Late Changes Shake Up Hartford Budget
Hartford — In a surprising and sudden move last night, the Selectboard finalized its 2013-14 budget proposal by eliminating three new positions in previous months and paring back the amount of money to be taken from a surplus fund to offset a tax increase.
The dramatic reversal, which came in a flurry of split votes late last night, still means residents would see a property tax rate increase of 5 cents per $100 of assessed value if the municipal budget is approved on Town Meeting Day in March. That increase would mean an increase of about $100 on the tax bill of a property assessed at $200,000.
But the turnaround didn’t sit well with some board members.
“Over the course of 10 minutes we went from one extreme to the other,” Selectman Simon Dennis said after the rapid succession of votes. Simon, who originally proposed the energy coordinator position, called the process “crude.”
The money to be taken from the surplus fund was cut nearly in half, from $275,000 to $150,000. That $125,000 difference is about the same amount the board would have taken to fund the proposed positions of assistant town manager, human resources specialist and energy coordinator.
Last night’s votes effectively ended a weeks-long budgeting process that saw the board majority vacillate between an emphasis on low taxes and a desire to pursue new initiatives.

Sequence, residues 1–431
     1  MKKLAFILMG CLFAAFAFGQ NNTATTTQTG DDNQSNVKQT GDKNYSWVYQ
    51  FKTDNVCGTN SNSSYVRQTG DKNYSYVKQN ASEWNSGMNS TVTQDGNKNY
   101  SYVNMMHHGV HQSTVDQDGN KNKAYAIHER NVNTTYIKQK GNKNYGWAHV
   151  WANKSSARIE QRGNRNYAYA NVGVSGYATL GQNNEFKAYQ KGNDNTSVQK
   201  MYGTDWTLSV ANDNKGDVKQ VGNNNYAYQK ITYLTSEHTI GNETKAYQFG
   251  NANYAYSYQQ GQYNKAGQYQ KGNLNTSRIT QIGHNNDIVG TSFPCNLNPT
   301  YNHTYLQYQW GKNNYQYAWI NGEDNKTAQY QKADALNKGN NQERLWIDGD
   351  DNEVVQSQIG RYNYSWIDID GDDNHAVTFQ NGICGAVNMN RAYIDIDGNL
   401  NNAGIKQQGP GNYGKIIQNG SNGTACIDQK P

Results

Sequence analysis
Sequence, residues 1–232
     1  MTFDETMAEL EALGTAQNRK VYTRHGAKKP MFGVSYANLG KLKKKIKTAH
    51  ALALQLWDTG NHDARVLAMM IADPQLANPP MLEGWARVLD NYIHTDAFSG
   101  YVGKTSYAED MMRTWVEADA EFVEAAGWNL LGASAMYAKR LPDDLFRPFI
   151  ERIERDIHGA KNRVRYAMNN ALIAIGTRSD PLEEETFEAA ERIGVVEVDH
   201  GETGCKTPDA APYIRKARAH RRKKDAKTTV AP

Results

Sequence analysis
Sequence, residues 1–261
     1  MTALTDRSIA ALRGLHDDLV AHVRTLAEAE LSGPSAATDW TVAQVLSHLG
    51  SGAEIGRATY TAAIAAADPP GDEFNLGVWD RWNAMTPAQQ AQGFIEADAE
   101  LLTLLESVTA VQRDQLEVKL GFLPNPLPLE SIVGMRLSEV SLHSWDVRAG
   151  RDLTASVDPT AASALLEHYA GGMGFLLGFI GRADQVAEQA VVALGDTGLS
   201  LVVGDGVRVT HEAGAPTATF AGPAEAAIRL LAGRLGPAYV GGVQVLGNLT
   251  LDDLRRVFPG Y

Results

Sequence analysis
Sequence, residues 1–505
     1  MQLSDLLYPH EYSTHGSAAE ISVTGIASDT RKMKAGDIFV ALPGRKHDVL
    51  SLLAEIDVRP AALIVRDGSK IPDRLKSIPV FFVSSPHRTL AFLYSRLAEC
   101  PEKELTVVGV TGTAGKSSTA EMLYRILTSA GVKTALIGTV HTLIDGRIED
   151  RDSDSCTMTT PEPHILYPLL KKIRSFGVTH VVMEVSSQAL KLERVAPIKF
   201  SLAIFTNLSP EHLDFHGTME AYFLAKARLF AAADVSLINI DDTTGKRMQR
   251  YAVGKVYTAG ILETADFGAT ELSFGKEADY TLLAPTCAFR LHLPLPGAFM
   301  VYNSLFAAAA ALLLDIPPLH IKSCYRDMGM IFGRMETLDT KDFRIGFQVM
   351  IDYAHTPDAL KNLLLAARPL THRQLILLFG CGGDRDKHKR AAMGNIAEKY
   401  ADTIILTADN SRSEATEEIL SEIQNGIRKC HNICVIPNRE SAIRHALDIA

“I think we’ve done a good job in coming up with a budget” in tough economic times, Selectboard Chairman Ken Parker said.
Selectman Alex DeFelice, who has been a spending hawk throughout the budget deliberations, proposed the series of changes. DeFelice said he wasn’t trying to kill the positions, only to delay the new positions until the town’s finances aren’t so strained.
“I honestly believe that (during) the budget year 2014 to 2015, we will be faced with putting these items back into the budget,” he said.
The proposal from DeFelice last night that was voted down was a proposal to remove $125,000 from the town’s paving budget, which totals about $875,000, to further defray expenditures. The vote went 3-3 and failed for lack of majority. Selectman Sam Romano did not vote and did not offer an explanation.
Other highlights in the budget include a half-year’s funding the town’s curb-side recycling program and the elimination of the position of police chief in favor of a public safety director to oversee the police and fire departments, which is expected to save as much as $100,000, Town Manager Hunter Rieseberg has said.
In March, there will also be two bonds on the warning: One, at just more than $9 million, would go toward revitalizing town and school athletic fields and facilities; the other, at just less than $5 million, would go toward renovating the town offices at the Municipal Building in White River Junction.
After the voting ended last night, Dennis worried that the board had gone from “one extreme to the other,” which he said revealed a weakness in its process, and a lack of patience that board members have with one another.
“Simon, we achieved just what you wanted to a while ago,” Parker said, drawing a disagreement from Dennis. “This is compromise.”
“It’s flopped to the other extreme,” Dennis said.
“I’m sorry you didn’t get what you wanted,” Parker replied.
Just past 10 p.m., Flinn made a motion to adopt the budget with the changes intact. Other than an abstention from Dennis, the vote was unanimous.
Jon Wolper can be reached at email@example.com or 603-727-3248.